SHANGHAI (Reuters) – China has postponed upcoming security talks with the United States at the request of Washington, a Chinese foreign ministry spokeswoman said on Tuesday, amid rising tensions between the two sides over trade, Taiwan and the South China Sea.
Spokeswoman Hua Chunying said in a statement posted on the website of the Ministry of Foreign Affairs that the two sides had initially agreed “in principle” to hold the second round of security talks in October.
“The United States has recently expressed its wish to postpone the dialogue,” she said, adding that the two sides would continue to “maintain communication” on the talks. She did not elaborate.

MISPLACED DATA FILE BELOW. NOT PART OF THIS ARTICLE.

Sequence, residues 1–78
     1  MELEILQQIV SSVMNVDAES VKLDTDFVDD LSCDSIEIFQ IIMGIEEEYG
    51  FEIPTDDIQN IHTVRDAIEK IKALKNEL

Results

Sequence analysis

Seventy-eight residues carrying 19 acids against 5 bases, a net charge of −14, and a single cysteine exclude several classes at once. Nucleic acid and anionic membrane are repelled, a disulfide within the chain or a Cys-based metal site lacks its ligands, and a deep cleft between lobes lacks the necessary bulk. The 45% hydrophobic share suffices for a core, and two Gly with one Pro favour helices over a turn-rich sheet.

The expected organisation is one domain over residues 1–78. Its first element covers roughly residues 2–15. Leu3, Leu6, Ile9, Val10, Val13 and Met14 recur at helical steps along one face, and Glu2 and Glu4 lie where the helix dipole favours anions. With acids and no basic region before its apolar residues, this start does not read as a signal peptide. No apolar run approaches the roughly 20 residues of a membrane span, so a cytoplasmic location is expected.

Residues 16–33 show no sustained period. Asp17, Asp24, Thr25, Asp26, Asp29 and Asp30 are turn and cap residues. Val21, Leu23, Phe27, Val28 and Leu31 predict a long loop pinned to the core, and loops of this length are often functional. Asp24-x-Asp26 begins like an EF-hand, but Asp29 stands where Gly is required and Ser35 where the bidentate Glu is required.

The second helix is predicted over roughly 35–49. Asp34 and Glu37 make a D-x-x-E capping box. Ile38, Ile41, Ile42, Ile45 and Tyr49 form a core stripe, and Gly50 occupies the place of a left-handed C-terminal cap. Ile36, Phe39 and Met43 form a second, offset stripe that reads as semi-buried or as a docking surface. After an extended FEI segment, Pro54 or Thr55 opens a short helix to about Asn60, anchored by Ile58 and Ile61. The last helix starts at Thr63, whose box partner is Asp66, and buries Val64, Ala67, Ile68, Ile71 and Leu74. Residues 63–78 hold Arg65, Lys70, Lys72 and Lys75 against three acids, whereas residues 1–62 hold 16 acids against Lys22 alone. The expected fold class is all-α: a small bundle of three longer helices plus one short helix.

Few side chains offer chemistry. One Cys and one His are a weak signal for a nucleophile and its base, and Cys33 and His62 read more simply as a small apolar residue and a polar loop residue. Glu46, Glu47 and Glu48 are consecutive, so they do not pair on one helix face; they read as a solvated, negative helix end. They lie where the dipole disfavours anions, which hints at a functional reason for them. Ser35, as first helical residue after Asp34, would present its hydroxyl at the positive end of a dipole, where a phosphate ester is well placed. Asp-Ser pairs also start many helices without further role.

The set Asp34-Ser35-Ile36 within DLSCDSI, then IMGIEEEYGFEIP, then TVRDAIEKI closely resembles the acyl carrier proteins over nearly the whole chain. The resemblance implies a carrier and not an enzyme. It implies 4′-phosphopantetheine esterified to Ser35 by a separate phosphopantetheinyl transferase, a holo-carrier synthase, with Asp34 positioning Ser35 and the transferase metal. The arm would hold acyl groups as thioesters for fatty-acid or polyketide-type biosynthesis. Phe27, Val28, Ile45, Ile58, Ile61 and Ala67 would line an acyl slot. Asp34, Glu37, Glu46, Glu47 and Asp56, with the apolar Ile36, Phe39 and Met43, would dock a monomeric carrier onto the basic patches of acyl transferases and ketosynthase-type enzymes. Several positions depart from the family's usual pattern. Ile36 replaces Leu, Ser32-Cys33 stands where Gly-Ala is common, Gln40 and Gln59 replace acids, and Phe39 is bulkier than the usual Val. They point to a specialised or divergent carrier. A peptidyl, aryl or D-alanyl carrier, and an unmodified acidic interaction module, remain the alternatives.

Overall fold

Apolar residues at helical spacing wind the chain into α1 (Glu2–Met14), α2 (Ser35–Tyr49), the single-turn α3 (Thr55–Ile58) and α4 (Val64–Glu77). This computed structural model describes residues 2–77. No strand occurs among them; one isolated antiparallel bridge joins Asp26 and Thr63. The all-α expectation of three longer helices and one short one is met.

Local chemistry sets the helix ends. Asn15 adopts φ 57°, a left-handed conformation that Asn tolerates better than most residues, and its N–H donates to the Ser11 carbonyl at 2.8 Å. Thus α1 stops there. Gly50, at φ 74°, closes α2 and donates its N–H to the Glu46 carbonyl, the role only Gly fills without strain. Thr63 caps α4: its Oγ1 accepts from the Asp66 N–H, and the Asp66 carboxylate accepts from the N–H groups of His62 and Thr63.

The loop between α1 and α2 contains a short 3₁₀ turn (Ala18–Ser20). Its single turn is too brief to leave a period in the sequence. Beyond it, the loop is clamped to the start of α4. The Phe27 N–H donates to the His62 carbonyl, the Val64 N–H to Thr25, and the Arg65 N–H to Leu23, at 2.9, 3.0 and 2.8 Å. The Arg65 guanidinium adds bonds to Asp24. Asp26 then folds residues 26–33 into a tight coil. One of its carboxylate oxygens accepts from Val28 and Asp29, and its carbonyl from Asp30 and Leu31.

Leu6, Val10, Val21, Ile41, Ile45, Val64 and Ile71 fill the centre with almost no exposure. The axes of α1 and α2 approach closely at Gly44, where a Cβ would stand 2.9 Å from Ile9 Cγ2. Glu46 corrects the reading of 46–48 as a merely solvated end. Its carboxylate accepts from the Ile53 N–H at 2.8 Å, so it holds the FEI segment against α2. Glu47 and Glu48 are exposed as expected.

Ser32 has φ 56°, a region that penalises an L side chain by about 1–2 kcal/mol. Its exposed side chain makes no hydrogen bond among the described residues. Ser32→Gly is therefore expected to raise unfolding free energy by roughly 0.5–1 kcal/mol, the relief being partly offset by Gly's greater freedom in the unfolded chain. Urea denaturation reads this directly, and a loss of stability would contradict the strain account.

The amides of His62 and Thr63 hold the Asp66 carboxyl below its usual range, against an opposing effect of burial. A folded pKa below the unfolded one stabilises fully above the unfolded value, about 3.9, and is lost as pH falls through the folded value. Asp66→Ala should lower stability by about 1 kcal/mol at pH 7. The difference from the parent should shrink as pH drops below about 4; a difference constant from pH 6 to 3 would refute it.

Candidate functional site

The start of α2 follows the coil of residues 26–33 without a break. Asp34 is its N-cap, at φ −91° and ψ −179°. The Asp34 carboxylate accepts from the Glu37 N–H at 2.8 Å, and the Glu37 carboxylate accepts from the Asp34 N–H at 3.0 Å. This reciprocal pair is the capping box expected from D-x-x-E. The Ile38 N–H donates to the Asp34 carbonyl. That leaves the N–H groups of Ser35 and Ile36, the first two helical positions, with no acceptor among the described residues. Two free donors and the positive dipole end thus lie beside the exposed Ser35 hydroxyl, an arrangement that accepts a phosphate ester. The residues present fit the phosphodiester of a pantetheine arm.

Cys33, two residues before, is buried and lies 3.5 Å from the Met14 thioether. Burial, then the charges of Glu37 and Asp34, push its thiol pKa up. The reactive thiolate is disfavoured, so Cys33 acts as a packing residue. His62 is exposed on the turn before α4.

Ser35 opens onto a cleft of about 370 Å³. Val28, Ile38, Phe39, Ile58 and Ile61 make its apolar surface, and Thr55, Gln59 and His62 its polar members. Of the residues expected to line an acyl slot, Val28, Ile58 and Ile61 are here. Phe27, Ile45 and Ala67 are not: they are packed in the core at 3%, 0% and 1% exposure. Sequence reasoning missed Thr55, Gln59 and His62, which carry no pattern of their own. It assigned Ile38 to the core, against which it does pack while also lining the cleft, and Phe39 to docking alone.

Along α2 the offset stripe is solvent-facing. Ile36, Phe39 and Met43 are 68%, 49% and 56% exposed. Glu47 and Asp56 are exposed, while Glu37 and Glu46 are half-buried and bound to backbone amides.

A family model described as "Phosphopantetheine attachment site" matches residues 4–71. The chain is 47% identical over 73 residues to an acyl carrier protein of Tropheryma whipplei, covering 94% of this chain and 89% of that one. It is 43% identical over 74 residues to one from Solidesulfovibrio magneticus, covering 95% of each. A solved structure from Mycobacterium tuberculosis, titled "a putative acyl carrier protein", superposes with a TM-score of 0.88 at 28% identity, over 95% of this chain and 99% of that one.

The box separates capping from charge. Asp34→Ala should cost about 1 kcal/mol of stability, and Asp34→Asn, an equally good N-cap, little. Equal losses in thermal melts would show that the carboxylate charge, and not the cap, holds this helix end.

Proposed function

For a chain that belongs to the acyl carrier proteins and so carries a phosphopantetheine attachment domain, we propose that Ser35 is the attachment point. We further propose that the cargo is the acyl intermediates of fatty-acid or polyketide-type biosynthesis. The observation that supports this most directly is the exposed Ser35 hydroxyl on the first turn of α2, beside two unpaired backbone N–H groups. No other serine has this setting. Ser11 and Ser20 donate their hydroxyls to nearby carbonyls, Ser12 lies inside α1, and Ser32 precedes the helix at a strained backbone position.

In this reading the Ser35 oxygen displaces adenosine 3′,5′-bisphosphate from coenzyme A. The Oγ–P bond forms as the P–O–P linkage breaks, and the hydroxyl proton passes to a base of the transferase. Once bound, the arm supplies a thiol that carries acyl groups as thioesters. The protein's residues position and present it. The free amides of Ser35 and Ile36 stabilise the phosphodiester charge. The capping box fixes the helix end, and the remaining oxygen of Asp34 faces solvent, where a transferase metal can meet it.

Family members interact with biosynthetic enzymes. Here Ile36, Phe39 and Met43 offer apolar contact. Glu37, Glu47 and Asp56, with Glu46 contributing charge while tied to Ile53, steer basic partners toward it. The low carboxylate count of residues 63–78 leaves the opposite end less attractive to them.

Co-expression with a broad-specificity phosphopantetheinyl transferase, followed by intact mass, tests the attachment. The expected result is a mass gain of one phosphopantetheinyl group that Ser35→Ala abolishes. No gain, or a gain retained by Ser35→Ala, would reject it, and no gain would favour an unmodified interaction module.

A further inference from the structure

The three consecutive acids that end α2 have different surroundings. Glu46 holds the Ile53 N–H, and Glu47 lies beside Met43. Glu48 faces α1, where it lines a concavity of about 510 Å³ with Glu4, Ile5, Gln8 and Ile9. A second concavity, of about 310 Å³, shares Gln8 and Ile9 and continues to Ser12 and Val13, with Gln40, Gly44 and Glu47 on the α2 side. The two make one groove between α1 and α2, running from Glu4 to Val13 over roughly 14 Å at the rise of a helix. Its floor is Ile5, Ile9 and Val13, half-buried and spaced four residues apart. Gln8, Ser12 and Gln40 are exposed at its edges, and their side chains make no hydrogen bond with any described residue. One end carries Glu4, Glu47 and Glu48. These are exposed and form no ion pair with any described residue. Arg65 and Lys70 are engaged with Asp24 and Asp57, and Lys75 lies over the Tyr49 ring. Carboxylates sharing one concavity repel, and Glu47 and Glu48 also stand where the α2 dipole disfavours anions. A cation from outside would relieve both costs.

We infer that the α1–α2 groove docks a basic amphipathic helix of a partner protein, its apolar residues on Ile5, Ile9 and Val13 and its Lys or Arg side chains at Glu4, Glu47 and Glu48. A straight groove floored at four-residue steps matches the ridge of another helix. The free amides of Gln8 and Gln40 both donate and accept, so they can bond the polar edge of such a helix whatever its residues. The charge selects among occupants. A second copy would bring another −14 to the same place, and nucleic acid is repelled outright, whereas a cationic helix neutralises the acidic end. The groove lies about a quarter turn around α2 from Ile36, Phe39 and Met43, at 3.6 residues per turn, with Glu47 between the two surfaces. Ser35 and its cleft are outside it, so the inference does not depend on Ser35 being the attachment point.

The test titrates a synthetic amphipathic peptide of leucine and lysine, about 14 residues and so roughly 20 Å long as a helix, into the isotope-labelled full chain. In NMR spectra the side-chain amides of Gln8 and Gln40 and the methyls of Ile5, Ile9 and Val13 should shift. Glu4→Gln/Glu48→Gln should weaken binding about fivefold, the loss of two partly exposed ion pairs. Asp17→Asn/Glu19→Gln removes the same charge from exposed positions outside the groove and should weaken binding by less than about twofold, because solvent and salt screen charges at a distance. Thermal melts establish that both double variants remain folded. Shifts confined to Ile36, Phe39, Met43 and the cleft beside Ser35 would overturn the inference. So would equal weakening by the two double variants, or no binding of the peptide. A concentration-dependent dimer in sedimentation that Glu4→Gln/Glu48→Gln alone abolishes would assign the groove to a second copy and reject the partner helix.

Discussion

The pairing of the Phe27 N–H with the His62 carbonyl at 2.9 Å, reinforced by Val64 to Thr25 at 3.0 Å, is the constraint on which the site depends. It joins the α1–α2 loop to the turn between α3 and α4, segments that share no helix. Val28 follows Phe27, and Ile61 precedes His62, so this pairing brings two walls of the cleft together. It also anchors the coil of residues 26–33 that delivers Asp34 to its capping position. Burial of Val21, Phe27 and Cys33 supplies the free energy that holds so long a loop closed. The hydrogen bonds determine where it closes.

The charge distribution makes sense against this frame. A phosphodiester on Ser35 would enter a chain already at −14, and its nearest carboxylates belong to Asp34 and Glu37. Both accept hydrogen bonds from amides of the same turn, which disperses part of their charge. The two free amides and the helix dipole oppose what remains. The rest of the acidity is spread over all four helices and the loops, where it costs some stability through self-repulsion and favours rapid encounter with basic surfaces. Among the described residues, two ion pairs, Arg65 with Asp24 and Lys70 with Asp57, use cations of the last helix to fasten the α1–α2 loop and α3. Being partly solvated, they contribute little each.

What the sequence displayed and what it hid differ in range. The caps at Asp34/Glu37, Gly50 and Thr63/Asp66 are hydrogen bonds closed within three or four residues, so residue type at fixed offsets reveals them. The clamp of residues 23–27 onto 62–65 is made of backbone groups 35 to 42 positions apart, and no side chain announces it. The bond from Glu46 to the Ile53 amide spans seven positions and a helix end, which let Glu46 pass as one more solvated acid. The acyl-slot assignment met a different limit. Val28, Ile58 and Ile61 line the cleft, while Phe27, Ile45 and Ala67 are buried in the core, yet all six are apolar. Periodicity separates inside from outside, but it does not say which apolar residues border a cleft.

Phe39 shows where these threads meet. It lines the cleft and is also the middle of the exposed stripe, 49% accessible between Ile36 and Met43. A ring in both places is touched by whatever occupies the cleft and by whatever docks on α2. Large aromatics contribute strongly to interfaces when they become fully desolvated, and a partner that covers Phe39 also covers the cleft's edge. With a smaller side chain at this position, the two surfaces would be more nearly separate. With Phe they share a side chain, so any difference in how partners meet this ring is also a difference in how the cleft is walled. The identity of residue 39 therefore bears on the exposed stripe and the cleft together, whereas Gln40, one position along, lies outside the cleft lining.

The meeting of the U.S. China Diplomatic and Security Dialogue, which first took place in Washington last year, was due to be held with U.S. Secretary of State Mike Pompeo and Secretary of Defense Jim Mattis.
A U.S. official confirmed on Sunday that the meeting had been cancelled, though he did not say whether it was related to an escalating trade dispute, concerns about U.S. arms sales to self-ruled Taiwan, which Beijing claims as its own, or Chinese military activity in the South China Sea.
Sources in Beijing said last week that China’s People’s Liberation Army was unhappy with U.S. sanctions on the Chinese military and its approval of a new round of arms sales to Taiwan.
(Reporting by David Stanway; Editing by Nick Macfie)